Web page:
[This post has been updated to include statement from Greyhound Pets of America – Minnesota]
An online campaign is seeking to return a rescued greyhound to the family who adopted her.
Anthony Desnick and Ulla Tervo-Desnick took to Facebook on Saturday after their greyhound, Lucy, was reportedly taken from them by Greyhound Pets of America – Minnesota. The dog was lost for more than day when it fell through a rotted board
on under a deck.
After she was found, GPA-MN took the dog because of an adoption agreement which apparently required her to be on a leash at all times.
Here’s their post:
We know this post is long but it’s an important story in our lives. Please read all of it, contact the appropriate people with your comments, agreement, disgust – whatever you think is right.
In October of 2014, we (Anthony Desnick and Ulla Tervo-Desnick ) adopted Lucy the greyhound from GPA-MN (Greyhound Pets of America – Minnesota). Before coming to us, she had lived a hard working life. She raced – 99 races – and was a brood mom bringing 23 puppies into the world in three litters. Lucy adjusted to life with us slowly. She developed intestinal problems that cost thousands of dollars and many months to fix. What worked in the end? Acupuncture. She responded well to it and began improving almost immediately.
From the beginning Lucy exhibited some prey drive – common among greyhounds – but as her time with us went on, she left that behind and only wanted to be by my side – on walks and at the off-leash dog park. In fact if we wanted her to run, the only way we could get her to do so was for Ulla to hold her still while I walked up a hundred yards or so. When released, Lucy would run right to me and be by my side once again.
She got a ton of love from our whole family and from her best friend, Larry David, the Pug. And in this environment she thrived.
I (Anthony) worked in a bike friendly environment so Lucy came with me to work aboard a bike I bought specifically for that purpose.
And this is how it went for almost two years until the weekend of August 5, 6, and 7, when we were at a cabin.
While we were preparing her evening meal on Friday, Lucy disappeared from sight. We started to look for her right away on foot, bike, and ATV, and neighbors soon joined us. At sundown, we had to abandon the search and hope for the best. The next morning, we alerted the Sheriff, Greyhound Pets of America (GPA), the local dog catcher, the Lost Dogs website, and posted it on Facebook.
To our relief, a GPA search party of at least four people and several greyhounds, lead by Shawn Yardley, soon arrived and together with us, started to comb the surrounding area. We posted over a hundred Lost Dog posters with Lucy’s picture on them around the area, and kept searching throughout the day. After the search and unbeknownst to us, our GPA “friends” had visited the emergency vet in Duluth and based on what the vet ultimately told us, told stories about us, and apparently not in a very a complimentary way.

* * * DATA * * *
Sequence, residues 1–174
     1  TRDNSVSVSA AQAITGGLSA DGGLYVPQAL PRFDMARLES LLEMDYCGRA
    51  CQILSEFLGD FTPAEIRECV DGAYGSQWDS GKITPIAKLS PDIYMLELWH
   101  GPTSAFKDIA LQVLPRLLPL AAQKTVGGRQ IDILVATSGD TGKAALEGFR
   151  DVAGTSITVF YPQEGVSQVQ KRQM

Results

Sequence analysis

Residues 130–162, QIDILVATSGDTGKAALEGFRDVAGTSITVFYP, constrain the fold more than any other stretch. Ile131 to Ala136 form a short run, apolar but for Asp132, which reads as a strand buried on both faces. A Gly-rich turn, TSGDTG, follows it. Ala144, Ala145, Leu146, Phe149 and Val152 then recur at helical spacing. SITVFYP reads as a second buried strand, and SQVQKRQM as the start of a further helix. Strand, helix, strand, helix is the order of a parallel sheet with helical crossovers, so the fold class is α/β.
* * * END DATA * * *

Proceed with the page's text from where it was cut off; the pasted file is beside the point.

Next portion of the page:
The day’s search was unsuccessful, and we had to abandon it for the night. The same routine was repeated on Sunday, with Shawn and her team of volunteer searchers joining us. By Sunday afternoon, we were feeling hopeless about ever finding Lucy. We knew from reading about searches of lost dogs that at this point we could only hope for a random reported sighting Lucy in the area and follow that lead. There had been no sightings.
The owners stayed at the cabin and promised to continue the search. As we were driving away in silence and with heavy hearts, we got a call from the cabin: Lucy had been found! We high fived, cried, and screamed out of joy that she was alive. We shared the news with GPA right away.
By sheer luck and the grace of a power greater than us, the owner of the cabin had heard Lucy whimper, crawled under the deck, and discovered a hole she did not know existed. That’s where she found Lucy. The wooden cover over the hole had rotted and given away under Lucy’s weight. There were people just feet from her all weekend but she had not made a sound! Our heard sank as the horror and absurdity of this sank in. She had ventured about 12 feet away after all.
We called Shawn to tell her that Lucy had been found and said that we would take her to our vet clinic at the U of MN – one of the best in the world. Shawn insisted we take her to Duluth, where she said there was an emergency vet waiting for her. With the understanding that two fewer hours of travel for Lucy might be better for her, we agreed. So we quickly took her to the emergency vet in Duluth. As we pulled into the parking lot, our GPA “friends”, four of them, again led by Shawn, were waiting for us. The clinic staff brought Lucy in and to assess the situation. The GPA volunteers came into exam room, with no respect for our privacy. We wanted them out, but in our distressed state of mind, let them stay. The vet was annoyed by the large crowd: “It’s hard to see what’s going on with so many people here”. Ulla had to leave the room to elevate her foot since she was recovering from foot surgery. As she tried to return to the room, GPA folks had filled it up, leaving her no room to enter. The vet said to us, “Did you know that they (GPA folks) came to talk about you yesterday? I want to hear from you what happened.” After we told him the story, he said, “Now we know what the real story is – the story they (GPA) told was very different.” Lucy needed fluids, antibiotics and painkillers for a swollen foot and needed to stay for the night.